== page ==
CS: That’s cool. I identify with that. I watched your TEDx Talk [“Truth, Love, & Racial Literacy”], and you spoke about how Michel Foucault said that to know the self is to write1 —that when you’re really learning, and really writing, you come to know yourself. For me, this has certainly been the case: writing has transformed me in such a deep way.

What has been your experience as a Black woman in corporate America and education?

YSR: There are many books that have been written about this—particularly at the corporate level. I think of the book by Ella Bell Smith and Stella Nkomo [Our Separate Ways: Black and White Women and the Struggle for Professional Identity].2 And I think about the work of Wendi Williams, provost and senior vice president, Fielding Graduate University, California, who has a podcast called She (Been) Ready! and who just came out with a book about Black women in the academy [Black Women at Work: On Refusal and Recovery].3 Those two texts, and many in between, have really captured our story through multiple Black women.

Are we in some ways marginalized? Absolutely. Sometimes, the smarter you are, or the more innovative you are, the more marginalized you are.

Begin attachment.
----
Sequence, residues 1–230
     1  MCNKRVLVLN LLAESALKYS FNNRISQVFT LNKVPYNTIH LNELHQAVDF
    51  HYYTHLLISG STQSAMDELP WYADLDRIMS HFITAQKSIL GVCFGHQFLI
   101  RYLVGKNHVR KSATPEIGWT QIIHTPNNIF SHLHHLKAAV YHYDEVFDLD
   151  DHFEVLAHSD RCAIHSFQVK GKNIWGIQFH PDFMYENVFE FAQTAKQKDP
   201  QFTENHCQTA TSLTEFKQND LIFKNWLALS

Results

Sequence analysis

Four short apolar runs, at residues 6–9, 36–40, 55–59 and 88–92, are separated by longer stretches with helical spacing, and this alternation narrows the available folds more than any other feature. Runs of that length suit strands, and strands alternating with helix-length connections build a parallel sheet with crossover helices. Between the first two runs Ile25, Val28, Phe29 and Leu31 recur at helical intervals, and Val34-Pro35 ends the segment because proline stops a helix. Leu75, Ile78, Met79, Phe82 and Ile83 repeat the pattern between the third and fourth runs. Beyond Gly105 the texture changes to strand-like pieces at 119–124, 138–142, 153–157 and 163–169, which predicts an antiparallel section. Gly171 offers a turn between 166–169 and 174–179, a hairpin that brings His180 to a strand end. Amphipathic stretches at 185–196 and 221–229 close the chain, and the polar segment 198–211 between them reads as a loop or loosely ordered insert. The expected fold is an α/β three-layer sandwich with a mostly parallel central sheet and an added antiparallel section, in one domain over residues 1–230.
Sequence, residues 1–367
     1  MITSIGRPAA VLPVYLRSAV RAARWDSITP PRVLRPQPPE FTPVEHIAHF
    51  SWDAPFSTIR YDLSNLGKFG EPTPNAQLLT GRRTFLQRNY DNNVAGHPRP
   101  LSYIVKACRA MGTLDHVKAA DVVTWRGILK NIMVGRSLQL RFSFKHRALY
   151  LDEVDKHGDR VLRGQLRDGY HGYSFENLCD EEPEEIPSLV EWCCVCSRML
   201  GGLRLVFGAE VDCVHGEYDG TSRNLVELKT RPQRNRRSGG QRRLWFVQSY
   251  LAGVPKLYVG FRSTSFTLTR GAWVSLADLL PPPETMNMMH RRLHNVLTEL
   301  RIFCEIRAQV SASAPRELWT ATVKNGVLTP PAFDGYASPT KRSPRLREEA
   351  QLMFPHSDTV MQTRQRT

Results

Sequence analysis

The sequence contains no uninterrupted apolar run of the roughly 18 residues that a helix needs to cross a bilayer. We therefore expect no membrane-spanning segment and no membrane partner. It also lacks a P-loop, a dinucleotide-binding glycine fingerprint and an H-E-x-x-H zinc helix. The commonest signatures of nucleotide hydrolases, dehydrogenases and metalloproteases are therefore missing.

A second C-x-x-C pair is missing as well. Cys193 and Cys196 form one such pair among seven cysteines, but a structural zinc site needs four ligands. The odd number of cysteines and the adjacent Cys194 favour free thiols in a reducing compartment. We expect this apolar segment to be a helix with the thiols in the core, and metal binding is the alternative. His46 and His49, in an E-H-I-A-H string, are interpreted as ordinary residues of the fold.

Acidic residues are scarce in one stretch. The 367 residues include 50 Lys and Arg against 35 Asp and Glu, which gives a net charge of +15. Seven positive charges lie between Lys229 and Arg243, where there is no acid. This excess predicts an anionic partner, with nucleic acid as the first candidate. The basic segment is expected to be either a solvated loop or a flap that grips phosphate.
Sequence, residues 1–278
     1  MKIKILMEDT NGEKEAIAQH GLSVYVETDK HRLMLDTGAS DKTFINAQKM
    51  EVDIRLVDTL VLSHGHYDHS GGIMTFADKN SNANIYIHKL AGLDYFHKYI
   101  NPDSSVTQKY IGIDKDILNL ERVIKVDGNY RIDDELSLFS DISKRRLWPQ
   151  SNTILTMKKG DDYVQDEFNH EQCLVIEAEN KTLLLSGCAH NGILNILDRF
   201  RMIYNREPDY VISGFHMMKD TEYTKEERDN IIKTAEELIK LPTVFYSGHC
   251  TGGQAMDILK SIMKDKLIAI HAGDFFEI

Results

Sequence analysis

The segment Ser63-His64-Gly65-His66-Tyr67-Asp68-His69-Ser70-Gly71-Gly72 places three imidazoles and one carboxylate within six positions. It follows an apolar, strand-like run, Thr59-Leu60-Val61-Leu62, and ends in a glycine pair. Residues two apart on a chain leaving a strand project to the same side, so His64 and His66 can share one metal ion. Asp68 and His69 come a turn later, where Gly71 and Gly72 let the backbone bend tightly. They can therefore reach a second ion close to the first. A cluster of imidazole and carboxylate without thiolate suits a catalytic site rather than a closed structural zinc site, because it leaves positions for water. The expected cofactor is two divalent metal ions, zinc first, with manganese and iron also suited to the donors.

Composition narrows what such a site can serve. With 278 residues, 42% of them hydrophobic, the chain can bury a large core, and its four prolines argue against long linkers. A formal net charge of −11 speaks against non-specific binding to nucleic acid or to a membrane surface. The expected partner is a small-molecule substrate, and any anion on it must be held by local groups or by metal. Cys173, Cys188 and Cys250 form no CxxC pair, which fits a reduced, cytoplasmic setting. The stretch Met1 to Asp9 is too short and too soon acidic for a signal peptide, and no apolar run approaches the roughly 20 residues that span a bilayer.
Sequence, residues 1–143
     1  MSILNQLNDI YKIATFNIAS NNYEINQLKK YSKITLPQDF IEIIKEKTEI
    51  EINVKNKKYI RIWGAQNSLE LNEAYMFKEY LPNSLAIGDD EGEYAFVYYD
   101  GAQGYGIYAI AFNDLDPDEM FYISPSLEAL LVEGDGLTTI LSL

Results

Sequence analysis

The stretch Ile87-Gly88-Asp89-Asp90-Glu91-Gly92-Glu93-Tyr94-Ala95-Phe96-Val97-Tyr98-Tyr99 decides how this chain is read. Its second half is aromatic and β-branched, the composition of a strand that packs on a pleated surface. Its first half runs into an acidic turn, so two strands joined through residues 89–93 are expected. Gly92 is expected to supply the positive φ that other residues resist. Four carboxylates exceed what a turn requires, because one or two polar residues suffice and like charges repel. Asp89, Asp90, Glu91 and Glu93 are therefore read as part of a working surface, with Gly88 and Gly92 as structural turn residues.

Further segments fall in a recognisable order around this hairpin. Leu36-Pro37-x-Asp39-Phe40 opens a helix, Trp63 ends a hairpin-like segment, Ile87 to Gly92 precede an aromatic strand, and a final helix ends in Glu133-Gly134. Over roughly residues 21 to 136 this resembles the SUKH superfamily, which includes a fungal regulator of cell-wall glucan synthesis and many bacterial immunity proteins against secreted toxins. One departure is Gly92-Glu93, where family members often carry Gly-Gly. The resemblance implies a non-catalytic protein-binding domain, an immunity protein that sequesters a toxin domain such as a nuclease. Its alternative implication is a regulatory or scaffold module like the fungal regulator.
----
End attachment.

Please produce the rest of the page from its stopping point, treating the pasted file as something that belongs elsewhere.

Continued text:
Ideas are commodities. And the more your ideas sell, the more prospective students find you attractive and the more likely they will come to the college and study with you. Students equal tuition dollars; tuition dollars equal more money for the institution. So if your ideas (read research and personality) draw students, then you are “worth” something to the university. And yes, all of this may happen, but colleges and universities are still hostile places for Black women.

It is the same with corporate: I was a very successful marketing and promotion executive who brought in millions for the companies I worked for, but I still experienced marginality and racism. I was “valuable” to them but still was not treated fairly. They really don’t want you to go beyond a certain ceiling, and when you puncture it, you get pushed to the side. I’ve experienced that. So in the case of corporate, I always found myself on teams that never really received the big payouts, the bonuses.